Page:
Apple's Portrait and Portrait Lighting features let you shoot images with an enhanced depth of field, background blur, and digital lighting options, thanks to smart software tweaks and the iPhone X's dual lens system on both the front and the back.

With iOS 11, both the iPhone 8 Plus and X can shoot Portrait photos well into the evening thanks to the addition of Flash and better metering in low light, but it can still be dicey to get the shot you want.

But never fear: You can use a lot of photographic tricks to make even the darkest subject look fabulous! There are a few ways to accomplish this with various light, and here are my favorites.

Use Portrait Lighting effects

The iPhone 8 Plus and X's Portrait Lighting effects can be applied in real-time, and better still: they're changeable at any time. So if you want to experiment with a bright Stage Light in a dimly lit room only to revert back to Natural lighting at a later point, that's your prerogative.

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Use Portrait mode's brightness slider

As with the regular Camera app, Portrait mode offers a brightness slider next to its focusing square to artificially lighten or darken a scene. You can sometimes use this in questionable light to get just a bit of extra brightness out of an image.

Use ambient light

If you're shooting in a darker space, use that space's ambient light — be it windows, overhead lights, or other sources — to shed light your subject.

Add spot lights

Want to make sure your subject isn't grainy in low light conditions? Use specific lights in your frame to shed brightness on your subject and enable Portrait mode.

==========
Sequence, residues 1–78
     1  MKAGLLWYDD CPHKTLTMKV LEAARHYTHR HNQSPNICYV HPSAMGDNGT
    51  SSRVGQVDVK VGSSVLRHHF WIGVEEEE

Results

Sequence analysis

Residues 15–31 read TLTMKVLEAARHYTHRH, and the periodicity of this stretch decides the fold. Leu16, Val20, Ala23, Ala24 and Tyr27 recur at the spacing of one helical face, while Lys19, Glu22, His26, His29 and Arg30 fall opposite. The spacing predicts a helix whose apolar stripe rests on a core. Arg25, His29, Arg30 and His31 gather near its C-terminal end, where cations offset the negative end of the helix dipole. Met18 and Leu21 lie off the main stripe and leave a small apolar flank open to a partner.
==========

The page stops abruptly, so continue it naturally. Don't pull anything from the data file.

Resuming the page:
Portable LED lights, Christmas lights, Hue lights, a friend's phone, and other small sources can all brighten an area of an otherwise very dark room and provide excellent contrast in your photo.

Focus on brighter colors

Whites and pale colors need less light to remain bright in a dark environment; as such, if you can get a little bit of ambient light on them, they'll come out far less grain-ridden than darker colors.

(For instance, I frequently get very cute low-light photos of my dog because she has a white face.)

Put a backlight on your subject to get a halo effect

Normally, backlit subjects are a no-no for strict portrait photography. But when you're shooting at night, the rules change — and a backlit subject can sometimes result in beautiful low-light photography.

Not only could you get a beautiful "halo" effect on your subject — a bright outline of light around them — that source may be reflective enough to splash a little bit of extra light on your photo.

Look for naturally occurring bright sources at night

Neon signs, bright buildings, traffic lights — all of these can provide enough of a light source to light your subject. One note: When picking a shot, you'll also want to adjust Portrait mode's brightness slider to make sure you don't blow out the photo's lighting.

When in doubt, use the flash

As of iOS 11, you can use the iPhone's TrueTone flash with Portrait mode, but it's an option I like to leave until the end — even with the iPhone 8 Plus and iPhone X's excellent Slow Sync Flash feature providing beter background metering.

If you do decide to use the flash, make sure you're not too close to your subject so that you don't blind them or blow out their skin tones.

Your favorites?

What are your favorite tips for shooting Portrait mode images at night or low light? Let me know below.

Updated May 2018: These tips and tricks are still the best of the best!

iPhone photography